One of the most important skills you can learn as a barista is how to taste espresso. It’s like a barista superpower.
Espresso machines can already steam milk, dose, and even tamp, but so far, no machine can taste coffee. That’s where the skill of a barista comes into play.
There are many different flavors found in espresso, and understanding the good flavors so you can avoid the bad is a skill any barista wants to master. This skill is what separates a great barista from someone who pumps out shots all day long.
In this article, I will keep things relatively simple and focus on four main things: Aroma, Body, Flavor, Acidity, and Finish.
Because this is a beginner’s guide, I won’t be delving deep into specific taste profiles found in coffee, such as the difference between brown sugar and blood orange.
– Acquiring a taste profile to pick out these subtle flavors takes time and practice to master.
How To Taste Espresso
When I’m tasting espresso for signs of quality, I typically evaluate four key components: Aroma, Body, Flavor, Acidity, and Finish.
I’m sure you’ve already guessed – the aroma is how the espresso smells.
The aroma of espresso is going to be the first thing you experience when you lift your cup. It will be the initial aroma that will give you a good indicator if the espresso is going to taste good or bad.
It is worth mentioning that the senses of taste and smell work in tandem.
For example, between 70 to 80% of what we think we taste comes from smell, not our taste buds. The tongue only has receptors for key tastes such as bitterness, sweetness, and mouthfeel.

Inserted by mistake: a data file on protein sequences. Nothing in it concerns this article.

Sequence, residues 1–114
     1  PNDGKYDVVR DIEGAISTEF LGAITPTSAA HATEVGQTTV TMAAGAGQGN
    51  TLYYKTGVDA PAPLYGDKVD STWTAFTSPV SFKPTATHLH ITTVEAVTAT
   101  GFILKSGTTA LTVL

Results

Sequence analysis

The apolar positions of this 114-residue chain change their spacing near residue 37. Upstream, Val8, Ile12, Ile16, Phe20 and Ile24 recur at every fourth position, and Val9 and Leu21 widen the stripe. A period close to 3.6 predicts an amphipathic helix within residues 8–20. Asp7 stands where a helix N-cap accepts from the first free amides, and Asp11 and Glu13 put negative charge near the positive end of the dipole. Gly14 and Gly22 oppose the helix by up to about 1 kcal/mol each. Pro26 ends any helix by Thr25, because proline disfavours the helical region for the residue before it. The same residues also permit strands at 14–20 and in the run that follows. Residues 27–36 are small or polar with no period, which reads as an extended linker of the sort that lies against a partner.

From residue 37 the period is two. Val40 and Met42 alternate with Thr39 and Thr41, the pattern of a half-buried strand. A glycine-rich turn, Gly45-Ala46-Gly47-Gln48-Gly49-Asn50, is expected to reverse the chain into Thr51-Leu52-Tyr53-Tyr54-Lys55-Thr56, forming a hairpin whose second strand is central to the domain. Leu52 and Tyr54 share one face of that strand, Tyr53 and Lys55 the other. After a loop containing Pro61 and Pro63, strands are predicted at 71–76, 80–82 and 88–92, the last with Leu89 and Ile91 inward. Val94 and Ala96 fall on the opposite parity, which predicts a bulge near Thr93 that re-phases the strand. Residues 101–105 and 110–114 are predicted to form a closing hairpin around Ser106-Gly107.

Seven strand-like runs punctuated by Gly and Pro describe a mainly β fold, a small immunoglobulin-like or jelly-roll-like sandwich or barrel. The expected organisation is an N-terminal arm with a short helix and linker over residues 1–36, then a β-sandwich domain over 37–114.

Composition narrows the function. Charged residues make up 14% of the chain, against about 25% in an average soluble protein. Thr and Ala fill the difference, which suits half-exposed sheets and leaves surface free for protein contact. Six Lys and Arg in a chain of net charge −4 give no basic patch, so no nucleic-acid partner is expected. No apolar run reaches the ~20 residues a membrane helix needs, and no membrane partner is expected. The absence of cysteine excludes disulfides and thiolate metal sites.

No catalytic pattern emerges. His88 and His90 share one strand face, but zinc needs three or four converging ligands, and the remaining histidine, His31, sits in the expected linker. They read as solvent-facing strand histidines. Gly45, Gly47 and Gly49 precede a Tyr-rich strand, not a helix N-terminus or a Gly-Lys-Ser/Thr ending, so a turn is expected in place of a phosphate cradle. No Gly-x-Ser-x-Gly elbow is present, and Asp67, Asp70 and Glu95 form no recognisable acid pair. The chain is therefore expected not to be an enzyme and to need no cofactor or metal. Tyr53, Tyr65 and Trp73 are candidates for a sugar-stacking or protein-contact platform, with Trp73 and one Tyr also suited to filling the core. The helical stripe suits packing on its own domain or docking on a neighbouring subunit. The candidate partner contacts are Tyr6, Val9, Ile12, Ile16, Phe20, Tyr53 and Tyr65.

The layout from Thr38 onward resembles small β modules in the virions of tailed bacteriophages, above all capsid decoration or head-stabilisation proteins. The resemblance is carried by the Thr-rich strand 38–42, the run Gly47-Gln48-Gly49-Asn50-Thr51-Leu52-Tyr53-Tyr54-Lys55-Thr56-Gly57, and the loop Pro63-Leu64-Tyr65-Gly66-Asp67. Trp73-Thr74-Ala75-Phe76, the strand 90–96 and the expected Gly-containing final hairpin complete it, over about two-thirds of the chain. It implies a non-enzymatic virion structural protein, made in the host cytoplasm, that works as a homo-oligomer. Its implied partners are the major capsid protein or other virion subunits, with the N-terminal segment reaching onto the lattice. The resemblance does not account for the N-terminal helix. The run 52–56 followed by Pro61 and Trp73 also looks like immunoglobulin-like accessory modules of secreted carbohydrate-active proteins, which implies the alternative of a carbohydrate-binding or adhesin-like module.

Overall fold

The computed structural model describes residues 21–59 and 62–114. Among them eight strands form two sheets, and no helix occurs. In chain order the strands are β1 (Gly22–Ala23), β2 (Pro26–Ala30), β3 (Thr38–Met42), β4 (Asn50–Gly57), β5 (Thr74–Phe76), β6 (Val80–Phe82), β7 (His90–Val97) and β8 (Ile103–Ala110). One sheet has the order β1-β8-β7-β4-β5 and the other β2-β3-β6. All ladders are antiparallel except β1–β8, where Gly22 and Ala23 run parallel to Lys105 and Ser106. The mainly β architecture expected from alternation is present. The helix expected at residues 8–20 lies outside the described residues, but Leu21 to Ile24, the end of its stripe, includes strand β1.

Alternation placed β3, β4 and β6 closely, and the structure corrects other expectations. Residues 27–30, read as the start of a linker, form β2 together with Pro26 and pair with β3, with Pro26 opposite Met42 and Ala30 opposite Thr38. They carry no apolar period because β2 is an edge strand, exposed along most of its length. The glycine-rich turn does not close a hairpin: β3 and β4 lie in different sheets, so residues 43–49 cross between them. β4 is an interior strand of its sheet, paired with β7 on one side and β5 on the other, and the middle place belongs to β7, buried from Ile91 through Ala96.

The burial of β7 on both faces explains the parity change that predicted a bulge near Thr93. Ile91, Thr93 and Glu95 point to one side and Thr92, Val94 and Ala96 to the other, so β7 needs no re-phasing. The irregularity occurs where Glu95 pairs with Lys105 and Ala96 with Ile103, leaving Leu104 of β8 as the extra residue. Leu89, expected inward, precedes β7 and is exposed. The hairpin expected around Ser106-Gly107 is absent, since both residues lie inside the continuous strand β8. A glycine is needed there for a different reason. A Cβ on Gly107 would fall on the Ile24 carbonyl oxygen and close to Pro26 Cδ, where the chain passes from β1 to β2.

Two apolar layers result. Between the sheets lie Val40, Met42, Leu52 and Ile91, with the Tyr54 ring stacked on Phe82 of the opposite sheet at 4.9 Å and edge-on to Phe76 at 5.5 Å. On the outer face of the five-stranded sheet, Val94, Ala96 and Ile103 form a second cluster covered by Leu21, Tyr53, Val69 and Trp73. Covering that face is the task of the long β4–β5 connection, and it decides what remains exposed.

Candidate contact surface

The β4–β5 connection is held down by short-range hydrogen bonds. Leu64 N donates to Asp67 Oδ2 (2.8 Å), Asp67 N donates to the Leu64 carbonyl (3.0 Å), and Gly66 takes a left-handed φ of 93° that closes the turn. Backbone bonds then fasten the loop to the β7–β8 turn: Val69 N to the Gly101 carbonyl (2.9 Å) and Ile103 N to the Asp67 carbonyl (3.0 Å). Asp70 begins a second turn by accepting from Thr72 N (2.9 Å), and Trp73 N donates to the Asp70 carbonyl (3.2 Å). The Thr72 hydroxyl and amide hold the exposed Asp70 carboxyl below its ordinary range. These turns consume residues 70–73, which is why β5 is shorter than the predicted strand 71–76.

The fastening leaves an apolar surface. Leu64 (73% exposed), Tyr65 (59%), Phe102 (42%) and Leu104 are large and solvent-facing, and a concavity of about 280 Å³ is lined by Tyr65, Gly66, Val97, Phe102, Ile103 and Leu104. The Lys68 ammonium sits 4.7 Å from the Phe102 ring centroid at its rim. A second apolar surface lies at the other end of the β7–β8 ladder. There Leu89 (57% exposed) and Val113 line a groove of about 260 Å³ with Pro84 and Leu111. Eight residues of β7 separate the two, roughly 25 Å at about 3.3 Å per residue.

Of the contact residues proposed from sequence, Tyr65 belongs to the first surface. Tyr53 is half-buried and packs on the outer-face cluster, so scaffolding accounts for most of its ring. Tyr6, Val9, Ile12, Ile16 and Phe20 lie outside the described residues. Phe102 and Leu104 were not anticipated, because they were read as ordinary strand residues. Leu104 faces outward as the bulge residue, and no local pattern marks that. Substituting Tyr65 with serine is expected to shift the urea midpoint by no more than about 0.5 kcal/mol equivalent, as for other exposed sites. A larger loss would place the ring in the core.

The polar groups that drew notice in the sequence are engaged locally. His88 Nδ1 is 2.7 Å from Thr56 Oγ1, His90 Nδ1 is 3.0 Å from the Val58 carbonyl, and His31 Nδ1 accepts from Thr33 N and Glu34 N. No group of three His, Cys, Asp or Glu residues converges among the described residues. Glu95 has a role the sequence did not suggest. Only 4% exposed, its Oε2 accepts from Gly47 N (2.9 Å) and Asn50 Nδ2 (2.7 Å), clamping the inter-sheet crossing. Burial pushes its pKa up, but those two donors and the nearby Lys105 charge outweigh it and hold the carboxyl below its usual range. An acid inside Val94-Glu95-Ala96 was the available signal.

However, when it comes to espresso, almost all the complex flavors are picked up by our sense of smell.
It’s the aroma that will give you a good insight into how espresso will taste.
Believe me. I’ve tasted some espresso that should have never been drunk. But, If I had paid attention to my nose, I would already know it was burnt or was going to taste like rubber.
If it smells bad, it more than likely will taste awful too.
Ideally, the aroma of a good shot of espresso should be rich, deep, and complicated. As you inhale, you should be able to notice subtle differences in the aroma.
You shouldn’t have a burnt taste or any hints of burnt rubber, chemical odors, or anything else that makes you stop and think, yuk.
The body of an espresso (also known as texture or mouthfeel) is something a bit harder to explain to a new barista.
The best way to get my point across is to compare the difference between skimmed milk and full cream milk.
Skimmed milk is a little thin in the mouth while being round and smooth. In contrast, full cream milk is a lot more creamy and thick in texture.
So taking that as an example, you should be able to pinpoint how certain coffees feel on your palette. The body of espresso is basically the density on your tongue.
An espresso in the mouth can feel airy, light, or heavy and dense, like warm honey or melted butter when you are drinking it.
To truly evaluate an espresso, it’s best to let it sit on your tongue for a while. Swirling it around your mouth will also allow you to pick up subtle profiles that you would otherwise dismiss.
With the coffee in your mouth, take a minute to think about what it reminds you of. This will help you to identify reference points for future tasting.
The espresso flavor can be attributed to many things, such as the origin of the coffee beans or the roast profile. The flavor is a combination of all of these things and more.
For example, with the roast profile, you will notice that a dark roast will give the espresso more of what I refer to as “traditional” flavors.
In contrast, a lighter roast will typically highlight the origin of the coffee and will almost always have better acidity and more delicate tasting notes.
When talking about the origin of the coffee, you can expect to taste a noticeable difference depending on what part of the globe the coffee originated.
Ethiopian coffee, for example, is typically described as bright, floral, and fruity. On the other hand, Indonesian coffee tends to be associated with more earthy or smoky notes.
Once you start to learn about different coffee bean origins, you will already know what you should expect to taste.
Beginners trying to understand precisely what they are tasting, don’t try to run before you can walk. Don’t immediately jump to flavors of strawberries or bergamot.